· JoyStick-It (around $5) from ThinkGeek is an arcade-style stick you attach to your iPad screen. The joystick, available on Amazon.com, won’t harm your screen, and you can move it around at any time. It gives you that real arcade-game feel for controlling games. It won’t work with every game but does claim to work with thousands of them.
Playing through the Game Center
The Game Center is an app that comes preinstalled with iPad. If you’re into gaming, you may enjoy the features it offers that allow you to challenge friends to beat your scores; buy games; and keep track of your games, friends, and achievements.
Of course, you can also download games from the App Store or play online games and play them on your iPad without having to use Game Center. What Game Center provides is a place where you can create a gaming profile, add a list of gaming friends, keep track of and share your scores and perks, and shop for games (and only games) in the App Store, along with listings of top-rated games and game categories to choose from.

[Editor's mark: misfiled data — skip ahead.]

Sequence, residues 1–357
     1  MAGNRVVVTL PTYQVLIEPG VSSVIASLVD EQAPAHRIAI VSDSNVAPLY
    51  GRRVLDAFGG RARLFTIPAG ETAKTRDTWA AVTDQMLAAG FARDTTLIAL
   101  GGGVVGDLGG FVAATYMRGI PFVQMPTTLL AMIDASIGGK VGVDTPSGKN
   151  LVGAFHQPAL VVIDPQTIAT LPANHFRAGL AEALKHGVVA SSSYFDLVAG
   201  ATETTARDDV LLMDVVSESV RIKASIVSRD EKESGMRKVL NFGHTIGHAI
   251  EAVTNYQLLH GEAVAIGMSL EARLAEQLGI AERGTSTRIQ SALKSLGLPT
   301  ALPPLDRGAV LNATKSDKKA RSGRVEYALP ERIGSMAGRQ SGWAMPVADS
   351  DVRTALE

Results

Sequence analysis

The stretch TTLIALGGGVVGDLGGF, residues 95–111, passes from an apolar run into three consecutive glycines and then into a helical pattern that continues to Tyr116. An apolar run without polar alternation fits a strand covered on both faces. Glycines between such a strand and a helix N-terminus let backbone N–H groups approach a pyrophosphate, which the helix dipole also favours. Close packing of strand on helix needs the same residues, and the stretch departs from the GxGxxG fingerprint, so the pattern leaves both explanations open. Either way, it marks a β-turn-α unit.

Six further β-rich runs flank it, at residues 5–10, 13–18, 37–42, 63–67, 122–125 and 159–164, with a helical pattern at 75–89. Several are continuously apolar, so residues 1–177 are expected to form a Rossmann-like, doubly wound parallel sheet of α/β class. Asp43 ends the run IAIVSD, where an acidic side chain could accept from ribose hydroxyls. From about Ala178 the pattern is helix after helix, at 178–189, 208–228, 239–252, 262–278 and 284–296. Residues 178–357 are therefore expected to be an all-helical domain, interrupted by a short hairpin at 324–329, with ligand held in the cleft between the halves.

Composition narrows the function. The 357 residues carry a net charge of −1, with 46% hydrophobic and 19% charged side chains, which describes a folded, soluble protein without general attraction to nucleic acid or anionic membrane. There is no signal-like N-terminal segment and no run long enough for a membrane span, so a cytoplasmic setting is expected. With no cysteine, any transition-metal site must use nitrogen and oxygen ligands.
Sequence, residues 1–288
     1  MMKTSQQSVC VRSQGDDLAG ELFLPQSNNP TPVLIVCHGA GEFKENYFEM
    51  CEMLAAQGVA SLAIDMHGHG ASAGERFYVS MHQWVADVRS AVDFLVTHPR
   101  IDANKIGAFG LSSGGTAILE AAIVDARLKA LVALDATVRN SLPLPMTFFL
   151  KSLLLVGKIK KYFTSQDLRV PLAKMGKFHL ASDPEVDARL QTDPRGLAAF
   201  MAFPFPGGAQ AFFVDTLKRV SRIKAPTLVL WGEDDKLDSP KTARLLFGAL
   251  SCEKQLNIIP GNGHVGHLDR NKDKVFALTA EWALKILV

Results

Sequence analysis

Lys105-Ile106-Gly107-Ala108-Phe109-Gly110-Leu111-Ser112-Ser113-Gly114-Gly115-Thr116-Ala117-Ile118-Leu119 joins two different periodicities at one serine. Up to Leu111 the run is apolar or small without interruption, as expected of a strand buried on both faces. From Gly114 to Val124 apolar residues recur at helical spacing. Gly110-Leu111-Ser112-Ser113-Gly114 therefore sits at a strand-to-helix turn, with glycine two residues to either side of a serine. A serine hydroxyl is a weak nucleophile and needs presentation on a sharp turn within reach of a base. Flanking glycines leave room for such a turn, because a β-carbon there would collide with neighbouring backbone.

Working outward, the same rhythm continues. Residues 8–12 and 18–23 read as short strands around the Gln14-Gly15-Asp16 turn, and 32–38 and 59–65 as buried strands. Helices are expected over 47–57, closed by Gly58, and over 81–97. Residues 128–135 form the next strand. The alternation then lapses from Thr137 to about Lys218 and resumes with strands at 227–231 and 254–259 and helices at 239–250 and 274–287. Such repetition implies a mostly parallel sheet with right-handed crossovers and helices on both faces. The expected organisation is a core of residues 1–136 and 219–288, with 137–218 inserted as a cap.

Think of the Game Center as a kind of social networking site for gamers, where you can compare your scores and find players to challenge. The Achievements listing shows you your score history for all the games you play. Finally, Leaderboards allows you to compare your performance with your gaming friends.
Figure 8-4 shows you the Game Center interface with the following five choices along the bottom:
· Me: Contains your profile and summary of number of friends, games, and achievements.
Figure 8-4: Game Center’s opening screen shows an overview of your friends, games, and achievements.
· Friends: Tap to invite friends to play.
· Games: Takes you to iTunes to shop for games.
· Challenges: Friends can challenge their friends to do better than they did. Tap a friend’s score in the Friends area of Game Center to challenge her.
· Turns: Shows you any requests from your friends for a game.
Opening an account in Game Center